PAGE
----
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Yaxchilán is an archaeological site in the state of Chiapas in southern Mexico. At its peak, Yaxchilan was one of the largest and most powerful city-states in the Mayan realm, though today, its remote location makes it a challenging site to visit for all but the most determined explorers.

Yaxchilán has many pyramids hidden in the ever-encroaching jungle.


Yaxchilán is a very large site located deep within the Lacodon jungle on the Usamacinta River (the border between Mexico and Guatemala). Roads do not go all the way to the archaeological site, so you will need to take a boat to get there. The site has been well documented and explored by various archaeological expeditions, and it's a well-maintained site administered by the INAH, however, its remote location makes it one of the least popular archaeological sites for travelers to visit. Most foreign tourists prefer sites that can be easily reached by air-conditioned luxury coaches. You will see few fellow visitors at Yaxchilán.


Lintel 24 is one of several Yaxchilan lintels stolen by an English archaeological pirate in the late 19th century. It is displayed in the British Museum.

Life was short and cheap in the Mayan world, especially in the city-states along the Usumacinta River where somebody was always fighting somebody. But wait, let's start at the beginning....

The city of Yaxchilán got its start as a jungle village just around the time that some guy named Jesus Christ was shaking up the religious world on the other side of the globe. Yaxchilan grew in size and power and by the year 359 AD had amassed enough local political clout (or chutzpah) to crown a king: Yopaat B'alam I was the first of a line of Yaxchilan kings whose dynasty would last for centuries.

A lot is made of Yaxchilán and its constant rivalry with the city-state of Piedras Negras, which lies about 32 km (20 miles) upriver but on the opposite side of the river (in what is now Guatemala). The two cities did frequently clash, but the warriors of Yaxchilán also liked to bully their smaller city-state neighbor, Bonampak. Yaxchilán also had an on-again/off-again alliance or war with the large city-state of Tikal. Maybe if the Mayan had been better team players their cities would have lasted longer, but once they ramped up to a steady state of war by about 700 AD, they were pretty much committed, and by about 1000 AD they'd pretty much killed off everyone who could raise a spear and all of the city-states of the Usamacinta region became ghost towns.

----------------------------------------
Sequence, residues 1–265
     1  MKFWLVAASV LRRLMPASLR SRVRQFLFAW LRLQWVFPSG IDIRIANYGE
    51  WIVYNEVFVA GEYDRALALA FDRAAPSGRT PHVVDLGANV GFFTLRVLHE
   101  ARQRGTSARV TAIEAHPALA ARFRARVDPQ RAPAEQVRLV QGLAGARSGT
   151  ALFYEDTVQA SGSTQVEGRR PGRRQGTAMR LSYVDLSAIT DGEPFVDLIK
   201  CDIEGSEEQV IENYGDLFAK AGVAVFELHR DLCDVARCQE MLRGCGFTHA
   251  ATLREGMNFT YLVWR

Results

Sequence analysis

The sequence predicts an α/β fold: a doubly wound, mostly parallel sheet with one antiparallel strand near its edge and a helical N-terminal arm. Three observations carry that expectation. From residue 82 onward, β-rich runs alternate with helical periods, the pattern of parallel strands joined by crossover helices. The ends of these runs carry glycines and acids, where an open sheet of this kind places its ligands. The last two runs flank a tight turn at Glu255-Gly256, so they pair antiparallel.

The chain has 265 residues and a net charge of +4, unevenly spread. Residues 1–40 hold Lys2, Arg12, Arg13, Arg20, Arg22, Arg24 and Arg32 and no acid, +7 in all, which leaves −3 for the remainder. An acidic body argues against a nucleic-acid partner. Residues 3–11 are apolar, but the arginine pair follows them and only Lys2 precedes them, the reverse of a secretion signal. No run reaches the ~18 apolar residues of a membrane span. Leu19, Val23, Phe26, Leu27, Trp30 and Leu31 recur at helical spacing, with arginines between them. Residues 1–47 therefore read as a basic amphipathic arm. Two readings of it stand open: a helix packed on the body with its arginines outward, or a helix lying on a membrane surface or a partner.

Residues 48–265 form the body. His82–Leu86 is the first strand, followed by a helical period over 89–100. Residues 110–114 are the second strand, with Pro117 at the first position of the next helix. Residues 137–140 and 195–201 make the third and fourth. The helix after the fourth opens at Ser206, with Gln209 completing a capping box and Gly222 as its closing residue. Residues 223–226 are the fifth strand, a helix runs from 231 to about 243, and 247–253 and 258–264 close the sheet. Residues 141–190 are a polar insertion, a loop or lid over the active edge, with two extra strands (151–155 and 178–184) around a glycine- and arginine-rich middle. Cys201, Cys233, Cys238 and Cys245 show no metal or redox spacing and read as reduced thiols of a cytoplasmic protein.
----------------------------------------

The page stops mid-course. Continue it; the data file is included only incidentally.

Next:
By the time Spanish conquistadors arrived to gawk at the fabulous temples and plazas of Yaxchilan, they could only be disappointed. There just weren't any Maya for them to enslave or infect with their nasty European diseases! And so they trekked back to Mexico City where civilization had invented tacos and hora feliz.


Flora and fauna[edit]


Get in[edit]

You can't drive or take a bus directly to Yaxchilán, you need to go to Frontera Corozal, and from there, take a 1-hour boat ride on the Usamacinta River to get to Yaxchilan. The river is fairly shallow and rocky in places, but the boats draw little draft and the Lacodon river guides know the waters.

Boats to Yaxchilán

Fees and permits[edit]

Get around[edit]

Site map of Yaxchilán








Rooms are available at the embarkation point where you meet the boatmen to take you upriver.

  • 1 Hotel Nueva Alianza, Alfredo, Frontera Corazol (near the riverfront), +502 33003736. Check-in: 15:00, check-out: 12:00. Convenient location near the beach where boatmen keep their boats. Rustic, but comfortable lodging in a cabana. Mosquito netting provided. Restaurant on site. M$1000.
  • 2 Escudo Jaguar, Frontera Corazal, +52 9671019387. Check-in: 15:00, check-out: 12:00. Basic, riverfront cabana. Bunks with mosquito netting, fan but no air conditioning. Next to beach where you meet the boatmen to take you to Yaxchilán. M$1000.


Camping is not permitted in the archaeological site.

Stay safe[edit]

Go next[edit]

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